Atal Behari Vajpayee, Prime Minister of India, during his inaugural
deliberation at the 88th Indian Science Congress Meeting held in Delhi,
India, on 3 January 2001, expressed concern that India produces enough
food but has problems storing and distributing it. People could interpret
this statement as saying that because India, a country of one billion
people, can produce adequate food, there should be no more hunger in that
country. But, although enough food is available, 200 million people in
India earn less than US$1 per day; they are living at absolute poverty
levels and can barely afford to buy enough food for their daily
subsistence. It is often claimed that enough food is produced globally to
feed everyone, but, in reality, 1 billion people live on less than US$1
per day each and are starving or malnourished (1).

Technological development coexists with persistent privation in some
developing countries. For example, in the city of Calcutta in West Bengal,
India, public transportation includes diverse options ranging from
hand-pulled rickshaws to modern metro trains. Very poor people and very
rich people live together. Technology can play an important role in
improving the economic growth of the city. The question is how and when?
Political unrest, unstable government, and lack of a long-term vision
might lead to a low pace of technological development. Agriculture is well
developed in West Bengal but the people still starve. It is also ironic
that increased agricultural production often results in lower prices,
which adds to the difficulty farmers have in recovering costs when they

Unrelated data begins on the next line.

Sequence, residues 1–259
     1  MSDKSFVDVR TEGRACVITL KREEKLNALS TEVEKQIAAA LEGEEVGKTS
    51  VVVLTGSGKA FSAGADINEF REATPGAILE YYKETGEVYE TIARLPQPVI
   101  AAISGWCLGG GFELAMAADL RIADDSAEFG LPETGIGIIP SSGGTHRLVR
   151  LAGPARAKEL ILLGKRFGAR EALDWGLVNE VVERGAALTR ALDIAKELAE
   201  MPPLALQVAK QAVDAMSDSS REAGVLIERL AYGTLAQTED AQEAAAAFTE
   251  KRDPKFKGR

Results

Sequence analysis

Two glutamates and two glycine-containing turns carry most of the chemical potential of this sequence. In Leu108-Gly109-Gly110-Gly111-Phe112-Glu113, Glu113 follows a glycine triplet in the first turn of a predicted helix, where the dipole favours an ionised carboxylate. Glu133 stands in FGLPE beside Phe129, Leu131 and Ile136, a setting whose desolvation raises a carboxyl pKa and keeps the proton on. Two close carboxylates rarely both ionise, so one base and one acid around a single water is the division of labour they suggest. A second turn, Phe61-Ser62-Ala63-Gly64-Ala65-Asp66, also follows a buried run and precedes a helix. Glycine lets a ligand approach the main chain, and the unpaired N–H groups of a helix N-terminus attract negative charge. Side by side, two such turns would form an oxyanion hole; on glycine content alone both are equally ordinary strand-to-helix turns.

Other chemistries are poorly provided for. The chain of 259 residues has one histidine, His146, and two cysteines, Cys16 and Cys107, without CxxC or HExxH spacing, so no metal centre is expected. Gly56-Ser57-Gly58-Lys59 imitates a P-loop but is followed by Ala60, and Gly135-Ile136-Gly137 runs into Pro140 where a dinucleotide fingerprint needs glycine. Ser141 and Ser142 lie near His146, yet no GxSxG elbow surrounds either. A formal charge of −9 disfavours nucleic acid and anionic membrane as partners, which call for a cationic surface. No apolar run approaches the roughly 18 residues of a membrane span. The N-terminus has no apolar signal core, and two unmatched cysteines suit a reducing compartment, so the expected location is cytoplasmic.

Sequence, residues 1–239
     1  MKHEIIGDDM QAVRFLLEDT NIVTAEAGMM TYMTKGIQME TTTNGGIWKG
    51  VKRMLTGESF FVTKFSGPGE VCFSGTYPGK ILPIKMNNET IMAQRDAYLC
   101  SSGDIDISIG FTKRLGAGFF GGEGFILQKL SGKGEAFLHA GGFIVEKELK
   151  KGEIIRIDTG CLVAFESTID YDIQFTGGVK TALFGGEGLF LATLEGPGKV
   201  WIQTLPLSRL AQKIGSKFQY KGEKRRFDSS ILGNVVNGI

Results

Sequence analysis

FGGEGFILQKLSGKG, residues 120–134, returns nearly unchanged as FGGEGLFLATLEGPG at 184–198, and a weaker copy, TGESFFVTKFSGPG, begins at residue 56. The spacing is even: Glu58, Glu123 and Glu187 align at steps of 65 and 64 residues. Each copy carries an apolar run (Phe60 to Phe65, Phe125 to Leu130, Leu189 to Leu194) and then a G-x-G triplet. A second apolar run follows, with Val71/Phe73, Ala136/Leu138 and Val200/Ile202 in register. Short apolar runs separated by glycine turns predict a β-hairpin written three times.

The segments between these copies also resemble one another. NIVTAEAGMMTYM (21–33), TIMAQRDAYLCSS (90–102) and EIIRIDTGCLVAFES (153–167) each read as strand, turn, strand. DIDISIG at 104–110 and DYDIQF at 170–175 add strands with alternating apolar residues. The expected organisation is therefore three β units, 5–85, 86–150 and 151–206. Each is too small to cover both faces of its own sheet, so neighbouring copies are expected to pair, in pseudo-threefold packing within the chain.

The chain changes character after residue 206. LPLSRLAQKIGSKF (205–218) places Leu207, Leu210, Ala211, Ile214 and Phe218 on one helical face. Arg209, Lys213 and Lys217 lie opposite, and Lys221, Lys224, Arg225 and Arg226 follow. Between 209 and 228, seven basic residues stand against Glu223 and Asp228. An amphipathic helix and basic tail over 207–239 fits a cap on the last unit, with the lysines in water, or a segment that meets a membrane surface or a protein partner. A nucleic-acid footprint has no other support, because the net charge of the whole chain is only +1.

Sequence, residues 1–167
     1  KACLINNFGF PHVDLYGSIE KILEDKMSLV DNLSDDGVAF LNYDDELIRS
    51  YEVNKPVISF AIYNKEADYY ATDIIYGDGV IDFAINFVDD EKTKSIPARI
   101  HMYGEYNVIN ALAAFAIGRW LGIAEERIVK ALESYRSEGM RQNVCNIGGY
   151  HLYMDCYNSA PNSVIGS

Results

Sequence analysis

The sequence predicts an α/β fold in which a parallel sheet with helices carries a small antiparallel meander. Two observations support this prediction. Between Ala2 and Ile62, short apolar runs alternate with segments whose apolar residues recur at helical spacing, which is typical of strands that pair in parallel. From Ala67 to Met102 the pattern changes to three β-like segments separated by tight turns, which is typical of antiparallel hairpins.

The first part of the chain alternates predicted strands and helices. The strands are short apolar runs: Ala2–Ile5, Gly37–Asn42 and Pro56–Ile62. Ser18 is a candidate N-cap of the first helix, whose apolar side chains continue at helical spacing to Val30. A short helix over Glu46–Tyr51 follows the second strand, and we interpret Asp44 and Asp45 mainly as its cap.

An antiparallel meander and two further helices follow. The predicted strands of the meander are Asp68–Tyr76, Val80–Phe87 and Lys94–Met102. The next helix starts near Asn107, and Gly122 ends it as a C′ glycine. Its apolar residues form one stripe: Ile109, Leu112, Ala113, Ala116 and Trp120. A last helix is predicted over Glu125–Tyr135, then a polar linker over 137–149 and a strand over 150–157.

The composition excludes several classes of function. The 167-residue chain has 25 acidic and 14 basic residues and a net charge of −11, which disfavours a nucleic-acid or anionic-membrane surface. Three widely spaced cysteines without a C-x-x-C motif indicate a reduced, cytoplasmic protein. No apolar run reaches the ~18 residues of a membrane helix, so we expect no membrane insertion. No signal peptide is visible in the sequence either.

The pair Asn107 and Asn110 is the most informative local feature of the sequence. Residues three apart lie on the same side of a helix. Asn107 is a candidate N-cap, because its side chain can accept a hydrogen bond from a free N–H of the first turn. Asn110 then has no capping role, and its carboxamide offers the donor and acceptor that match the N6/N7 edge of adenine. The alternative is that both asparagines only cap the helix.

sell agricultural products. People need to achieve economic growth through
other means. But how do we address this problem? Can technological
development give a human face to economic growth and food security? Why Is
Rice So Important in Asia? Rice is the number-one staple food in Asia and
it provides 40% to 70% of the total food calories consumed. Rice is also
used for animal feed. In addition, many people depend on rice agriculture
for jobs; it is the most important source of income for rural people.
Technology, which itself is neutral in value, can be used to develop
products efficiently and in a better way. A quantum leap in rice yield
took place over the past three decades through the Green Revolution, which
could have proven that Malthus was wrong because the amount of food
produced was proportionately greater than the rate of population growth.
Unfortunately, this increased food production did not eliminate poverty
and hunger. Instead, it probably just helped to avoid famine or prevented
a greater disruption in food supply.

More recently, biotechnology has revolutionized the understanding of
traits, genes, and phenotypes. We now know that humans and chimpanzees
have 98% similarity in genome sequence. Only the remaining 2% of the
genome accounts for the genetic diversification that makes these species